IBM Big Blue Introduces Advanced Video Surveillance Product
IBM introduced an advanced video analytics software called the Smart Surveillance System (S3) that it says can provide real-time decision-making or analyze recordings by carrying out data analysis of video sequences. The move marks a public entrance into the realm of physical security, though Arun Hampapur, manager of the exploratory vision group for IBM Research, Hawthorne, N.Y., told SDM that he believes IBM has already been doing some installations in the market.
Based on open standard middleware, the S3 platform can monitor and analyze real-world events through multiple sensors. These include video cameras, radar, chemical sensors or audio inputs. The S3 platform can also integrate technologies from multiple vendors.
“S3 is not just a single product â€” it’s a framework for building solutions around this kind of technology,” explained Hampapur. “If you go to most vendors today and say, ‘Can you search through video for specific events?’ their answer will be very limited.”
A characteristic that distinguishes S3 from other video analytic systems is its ability to search for specific events or objects after an event has occurred that were not specified before the event, Hampapur maintained. The system can be queried to find a particular object or event after the fact because of its reliance on metadata, which is a description of everything that occurs in a scene, not just the event that is being searched for, Hampapur emphasized.
Another function to which the system is suited is providing more than just security information. “As more and more cameras get in place, customers realize they can use the cameras for making their operations better,” Hampapur noted. “What’s being required of video systems is not just security, but also investigation and intelligence. That really is where customers want to use the systems, and having this framework allows us to do that.”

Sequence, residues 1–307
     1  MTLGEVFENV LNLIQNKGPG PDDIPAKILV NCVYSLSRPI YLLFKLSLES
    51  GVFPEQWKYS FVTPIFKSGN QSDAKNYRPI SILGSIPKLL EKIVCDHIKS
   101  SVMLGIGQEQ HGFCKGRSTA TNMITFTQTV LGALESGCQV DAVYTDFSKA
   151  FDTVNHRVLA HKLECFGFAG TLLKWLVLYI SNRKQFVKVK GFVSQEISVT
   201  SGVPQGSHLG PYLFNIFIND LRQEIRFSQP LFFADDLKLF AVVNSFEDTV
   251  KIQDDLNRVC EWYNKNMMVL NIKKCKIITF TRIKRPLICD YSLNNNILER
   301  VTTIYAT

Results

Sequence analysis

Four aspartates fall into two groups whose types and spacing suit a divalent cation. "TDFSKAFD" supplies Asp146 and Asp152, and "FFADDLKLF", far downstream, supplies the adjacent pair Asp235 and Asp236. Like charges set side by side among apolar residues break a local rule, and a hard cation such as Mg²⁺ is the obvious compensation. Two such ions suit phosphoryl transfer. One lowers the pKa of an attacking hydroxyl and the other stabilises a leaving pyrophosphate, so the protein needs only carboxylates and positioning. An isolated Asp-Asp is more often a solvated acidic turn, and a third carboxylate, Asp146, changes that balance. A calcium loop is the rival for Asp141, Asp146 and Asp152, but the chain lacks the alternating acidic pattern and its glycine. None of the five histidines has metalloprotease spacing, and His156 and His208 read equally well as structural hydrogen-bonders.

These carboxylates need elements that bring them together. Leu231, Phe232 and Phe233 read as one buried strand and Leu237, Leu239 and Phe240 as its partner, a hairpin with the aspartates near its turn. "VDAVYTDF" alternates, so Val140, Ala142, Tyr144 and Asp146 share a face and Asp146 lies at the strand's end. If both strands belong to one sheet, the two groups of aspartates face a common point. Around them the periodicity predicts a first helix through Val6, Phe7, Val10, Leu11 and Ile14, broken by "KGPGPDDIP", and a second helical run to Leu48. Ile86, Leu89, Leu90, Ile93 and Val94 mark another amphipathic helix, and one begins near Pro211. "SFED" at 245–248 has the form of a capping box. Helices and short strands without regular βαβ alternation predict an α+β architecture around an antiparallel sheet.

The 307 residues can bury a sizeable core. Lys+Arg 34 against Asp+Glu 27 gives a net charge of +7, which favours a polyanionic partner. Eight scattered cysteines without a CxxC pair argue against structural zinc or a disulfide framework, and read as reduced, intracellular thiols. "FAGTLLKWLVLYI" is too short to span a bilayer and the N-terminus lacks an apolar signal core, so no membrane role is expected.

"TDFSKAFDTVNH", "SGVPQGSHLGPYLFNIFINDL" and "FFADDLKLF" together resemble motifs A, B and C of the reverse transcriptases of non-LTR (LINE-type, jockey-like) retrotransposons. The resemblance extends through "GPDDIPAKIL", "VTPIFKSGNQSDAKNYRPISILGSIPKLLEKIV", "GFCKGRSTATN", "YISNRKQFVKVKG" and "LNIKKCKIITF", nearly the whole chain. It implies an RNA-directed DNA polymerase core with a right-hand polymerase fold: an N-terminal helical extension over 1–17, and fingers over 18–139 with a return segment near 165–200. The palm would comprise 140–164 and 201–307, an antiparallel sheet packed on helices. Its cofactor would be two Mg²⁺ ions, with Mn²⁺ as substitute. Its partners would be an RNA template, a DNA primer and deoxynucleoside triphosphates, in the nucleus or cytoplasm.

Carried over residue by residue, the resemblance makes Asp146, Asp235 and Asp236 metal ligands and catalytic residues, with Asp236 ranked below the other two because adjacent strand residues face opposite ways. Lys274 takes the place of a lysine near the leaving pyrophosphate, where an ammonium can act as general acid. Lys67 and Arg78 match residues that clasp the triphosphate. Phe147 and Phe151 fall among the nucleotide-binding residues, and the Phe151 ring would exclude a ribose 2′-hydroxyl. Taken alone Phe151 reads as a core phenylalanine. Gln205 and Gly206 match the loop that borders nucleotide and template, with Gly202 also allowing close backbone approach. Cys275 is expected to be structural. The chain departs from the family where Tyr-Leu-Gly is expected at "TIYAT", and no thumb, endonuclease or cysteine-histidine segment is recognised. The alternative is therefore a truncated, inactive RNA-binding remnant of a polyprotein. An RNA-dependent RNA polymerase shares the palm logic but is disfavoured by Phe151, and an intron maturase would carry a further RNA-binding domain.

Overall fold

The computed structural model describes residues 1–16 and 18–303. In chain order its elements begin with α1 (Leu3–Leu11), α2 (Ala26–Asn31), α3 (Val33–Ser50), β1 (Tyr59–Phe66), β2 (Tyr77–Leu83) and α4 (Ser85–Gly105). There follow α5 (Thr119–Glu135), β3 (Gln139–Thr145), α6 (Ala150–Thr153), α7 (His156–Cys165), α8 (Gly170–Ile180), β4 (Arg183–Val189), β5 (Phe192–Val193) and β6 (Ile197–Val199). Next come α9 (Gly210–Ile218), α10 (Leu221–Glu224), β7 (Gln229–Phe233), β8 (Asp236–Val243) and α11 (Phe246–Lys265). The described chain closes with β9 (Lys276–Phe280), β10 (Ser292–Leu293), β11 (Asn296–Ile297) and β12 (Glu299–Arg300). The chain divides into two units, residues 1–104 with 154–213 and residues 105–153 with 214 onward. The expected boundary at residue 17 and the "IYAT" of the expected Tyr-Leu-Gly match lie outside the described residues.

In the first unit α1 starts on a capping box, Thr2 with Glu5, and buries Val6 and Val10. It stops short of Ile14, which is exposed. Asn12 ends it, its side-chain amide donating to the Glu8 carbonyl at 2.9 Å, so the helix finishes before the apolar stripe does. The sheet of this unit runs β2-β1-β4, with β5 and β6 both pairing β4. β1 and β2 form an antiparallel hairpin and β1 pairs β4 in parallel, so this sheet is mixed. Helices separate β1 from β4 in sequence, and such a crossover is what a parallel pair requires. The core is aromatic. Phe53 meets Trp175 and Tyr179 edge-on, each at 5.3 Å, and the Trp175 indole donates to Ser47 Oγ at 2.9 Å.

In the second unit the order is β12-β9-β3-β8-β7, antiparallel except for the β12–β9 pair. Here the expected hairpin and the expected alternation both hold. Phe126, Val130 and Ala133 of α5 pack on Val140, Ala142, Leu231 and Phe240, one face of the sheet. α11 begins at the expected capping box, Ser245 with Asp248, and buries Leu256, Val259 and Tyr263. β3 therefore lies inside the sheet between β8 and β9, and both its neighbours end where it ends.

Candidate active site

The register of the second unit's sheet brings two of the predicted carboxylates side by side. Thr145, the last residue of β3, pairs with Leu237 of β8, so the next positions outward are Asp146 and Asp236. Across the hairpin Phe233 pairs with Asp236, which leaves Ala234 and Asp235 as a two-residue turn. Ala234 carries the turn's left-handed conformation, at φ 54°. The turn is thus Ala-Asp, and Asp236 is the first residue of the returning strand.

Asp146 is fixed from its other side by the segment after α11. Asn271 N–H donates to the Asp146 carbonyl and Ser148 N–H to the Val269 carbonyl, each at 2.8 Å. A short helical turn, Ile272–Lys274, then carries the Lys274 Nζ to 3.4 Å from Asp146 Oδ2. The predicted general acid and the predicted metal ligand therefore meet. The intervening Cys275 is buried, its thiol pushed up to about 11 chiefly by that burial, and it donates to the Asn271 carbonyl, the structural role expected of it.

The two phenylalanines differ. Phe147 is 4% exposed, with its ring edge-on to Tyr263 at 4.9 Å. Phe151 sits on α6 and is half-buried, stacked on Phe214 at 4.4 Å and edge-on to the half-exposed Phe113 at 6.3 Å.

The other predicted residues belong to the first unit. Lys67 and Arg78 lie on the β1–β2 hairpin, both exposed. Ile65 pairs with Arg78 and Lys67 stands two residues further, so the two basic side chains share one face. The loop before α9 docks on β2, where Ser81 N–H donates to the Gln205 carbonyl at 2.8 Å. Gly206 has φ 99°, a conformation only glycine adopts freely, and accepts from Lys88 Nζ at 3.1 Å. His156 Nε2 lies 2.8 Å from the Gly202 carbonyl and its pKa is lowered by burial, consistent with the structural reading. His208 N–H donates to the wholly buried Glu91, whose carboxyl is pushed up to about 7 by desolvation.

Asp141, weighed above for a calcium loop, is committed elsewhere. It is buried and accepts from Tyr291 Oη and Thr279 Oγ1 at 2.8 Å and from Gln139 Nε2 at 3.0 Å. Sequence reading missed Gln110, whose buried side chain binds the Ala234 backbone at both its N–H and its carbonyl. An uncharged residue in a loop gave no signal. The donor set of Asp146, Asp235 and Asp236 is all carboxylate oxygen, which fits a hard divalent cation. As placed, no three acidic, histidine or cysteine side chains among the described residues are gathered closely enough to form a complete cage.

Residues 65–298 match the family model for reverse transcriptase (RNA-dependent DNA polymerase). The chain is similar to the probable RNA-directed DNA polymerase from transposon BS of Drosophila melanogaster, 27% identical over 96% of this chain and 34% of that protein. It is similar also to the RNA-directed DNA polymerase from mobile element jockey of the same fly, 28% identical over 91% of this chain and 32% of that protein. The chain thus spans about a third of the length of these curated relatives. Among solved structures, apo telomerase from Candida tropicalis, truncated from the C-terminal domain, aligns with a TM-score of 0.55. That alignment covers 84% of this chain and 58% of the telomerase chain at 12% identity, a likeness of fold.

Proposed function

The system could show people leaving the parking lot at a particular time, indicate when additional staff is needed in retail situations, determine the effectiveness of a store design or promotion, help with loss prevention systems or even identify tailgaters. The company’s retail loss prevention solution connects surveillance video with point of sale systems, inventory and customer and employee data.
The software also can blur out faces and other portions of video images to protect privacy based on the level of access a person has. With this feature, one person with the proper clearance would be able to see faces whereas another with a lower level of clearance would not, Hampapur noted.
Hampapur noted that IBM uses a “broad partner network that leverages in a variety of ways.” Coming from the IT side of the business, IBM is looking to continue partnering with integrators from the physical security market.
For more information about IBM Security and Privacy Services and the new service products, go to www.ibm.com/services/spotlight.